Category: Questions of the Week
How much should you, can you control your child’s nickname?
Or do you wait to see whether a nickname arises naturally and how it evolves over time?
Or maybe you looked for a proper name that you hoped would be nickname-proof.
Inspired by this interesting discussion on nicknames over in the forums, how did you handle the issue with your child’s nickname and what’s your general take on the subject of nicknames?
How much do you worry about teasing potential when you consider baby names?
Would you take Astrid off the table, for instance, because you’re concerned about how that first syllable might be spun into a tease? (A discussion about Astrid and name teasing over in the forums sparked this blog.)
Would you or did you rule out a name that’s too unusual or unfamiliar for fear it would lead to teasing? How about a name with teasing potential because of its ethnic or gender identity?
Were you ever teased because of your own name and how did you handle it? Do you think things have changed around name teasing or bullying, with a wider range of names better accepted these days– is teasing largely a thing of the past?
I hope we can all agree that name teasing or bullying should never be tolerated, but does it happen anyway and would it influence your choice of a baby name?
And here are some intriguing posts spotted by Katinka on the forums this week–just follow the links:
The name you know best is almost certainly your own. You’ve spent your entire life hearing it, speaking it, writing it and, at least if you’re a name nerd like us, thinking about it.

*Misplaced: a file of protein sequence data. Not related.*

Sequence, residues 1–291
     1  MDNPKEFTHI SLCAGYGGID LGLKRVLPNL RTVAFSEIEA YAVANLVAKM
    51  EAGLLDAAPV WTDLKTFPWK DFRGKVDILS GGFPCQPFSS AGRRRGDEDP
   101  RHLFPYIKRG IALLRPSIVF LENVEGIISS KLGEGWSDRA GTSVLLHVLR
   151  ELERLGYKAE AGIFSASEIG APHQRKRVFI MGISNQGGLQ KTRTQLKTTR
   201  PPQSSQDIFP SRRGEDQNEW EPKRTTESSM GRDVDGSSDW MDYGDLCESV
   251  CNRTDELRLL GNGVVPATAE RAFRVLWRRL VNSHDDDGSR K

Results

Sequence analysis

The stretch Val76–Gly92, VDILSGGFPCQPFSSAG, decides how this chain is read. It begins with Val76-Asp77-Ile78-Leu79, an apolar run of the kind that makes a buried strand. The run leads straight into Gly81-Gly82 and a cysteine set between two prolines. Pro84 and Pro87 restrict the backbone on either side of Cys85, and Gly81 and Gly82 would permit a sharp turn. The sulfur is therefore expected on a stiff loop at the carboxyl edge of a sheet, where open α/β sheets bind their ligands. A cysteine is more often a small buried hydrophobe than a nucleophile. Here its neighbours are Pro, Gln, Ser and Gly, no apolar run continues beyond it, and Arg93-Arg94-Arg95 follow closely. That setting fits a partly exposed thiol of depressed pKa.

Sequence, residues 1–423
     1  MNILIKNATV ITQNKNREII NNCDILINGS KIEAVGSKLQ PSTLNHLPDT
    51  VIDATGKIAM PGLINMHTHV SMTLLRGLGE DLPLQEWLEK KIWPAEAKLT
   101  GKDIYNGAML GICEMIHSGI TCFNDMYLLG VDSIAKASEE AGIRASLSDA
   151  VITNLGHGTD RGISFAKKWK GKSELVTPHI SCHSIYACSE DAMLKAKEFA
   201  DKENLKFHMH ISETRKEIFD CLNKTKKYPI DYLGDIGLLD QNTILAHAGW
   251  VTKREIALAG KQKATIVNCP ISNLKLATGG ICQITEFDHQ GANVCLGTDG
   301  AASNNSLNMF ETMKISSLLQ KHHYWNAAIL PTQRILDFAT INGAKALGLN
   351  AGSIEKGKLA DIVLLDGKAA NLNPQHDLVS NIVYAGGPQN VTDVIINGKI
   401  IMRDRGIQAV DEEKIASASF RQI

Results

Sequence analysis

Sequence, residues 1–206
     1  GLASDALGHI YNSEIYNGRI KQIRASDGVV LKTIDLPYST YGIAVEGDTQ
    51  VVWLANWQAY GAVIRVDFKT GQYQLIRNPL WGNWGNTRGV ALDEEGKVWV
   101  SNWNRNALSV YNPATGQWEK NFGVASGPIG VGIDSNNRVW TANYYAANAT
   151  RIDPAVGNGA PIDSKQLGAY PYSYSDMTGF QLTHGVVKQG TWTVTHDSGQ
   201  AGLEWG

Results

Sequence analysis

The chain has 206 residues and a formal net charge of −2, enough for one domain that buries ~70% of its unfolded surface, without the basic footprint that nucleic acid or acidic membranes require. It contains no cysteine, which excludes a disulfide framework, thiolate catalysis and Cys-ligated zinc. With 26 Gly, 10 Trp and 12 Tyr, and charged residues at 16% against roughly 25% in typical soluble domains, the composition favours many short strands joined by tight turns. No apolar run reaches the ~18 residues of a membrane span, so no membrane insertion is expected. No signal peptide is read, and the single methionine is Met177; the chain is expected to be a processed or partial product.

That means that your feelings about your own name — whatever they are — are most likely quite set at this point. If you hate it, you’ll probably always hate it; if you love it, you’ll always love it. And those feelings have likely played a key role in shaping your attitude toward names in general.
So how does that work for you?
How do your feelings about your own name affect your baby name taste and style?
Do you resent the plainness or popularity of your name, and so tend to favor more unusual names for your kids? Has it always bothered you if people often misspell your name, leading you to pick an easy-to-spell name for your little one? Or do you, perhaps, think that your name is amazing, and want to choose one just like it for the next generation?
My son once had a classmate with a word name that might have been very pretty except…..it had a terrible meaning.
The poor child’s name was Cliche. That’s right, as in overused and unoriginal. When you just hear the sound — klee-shay — it’s a word that’s undeniably nameworthy. But the meaning knocks it out of contention. Or at least it should.
There’s a fun thread on the forums now of other such words that might make excellent names except for their meanings.
What would you add to the list? Post your coolest, funniest ideas here and/or there?
Parents have been naming babies after other people since they started naming babies. No other naming tradition has endured and thrived across so many different cultures and time periods. The exact approach varies — many Jewish families, for example, name babies after deceased relatives, and WASPs often name the firstborn son after the father — but the basic idea remains the same.
We asked you, a few weeks ago, what you thought of cross-gender namesakes for kids born today. But a super-hot thread on the Nameberry forums made us curious about you, our beloved Berries. Were you named after someone?
It doesn’t have to be a relative. Maybe you were named after Isabel Allende, Rosa Parks or Amedeo Modigliani! Nor does it have to be your first name — we’re certainly interested in your middle name as well. We want to know it all!
We’re also curious about how you feel about your namesakes. Do you feel a kinship with them? Have they influenced your own behavior?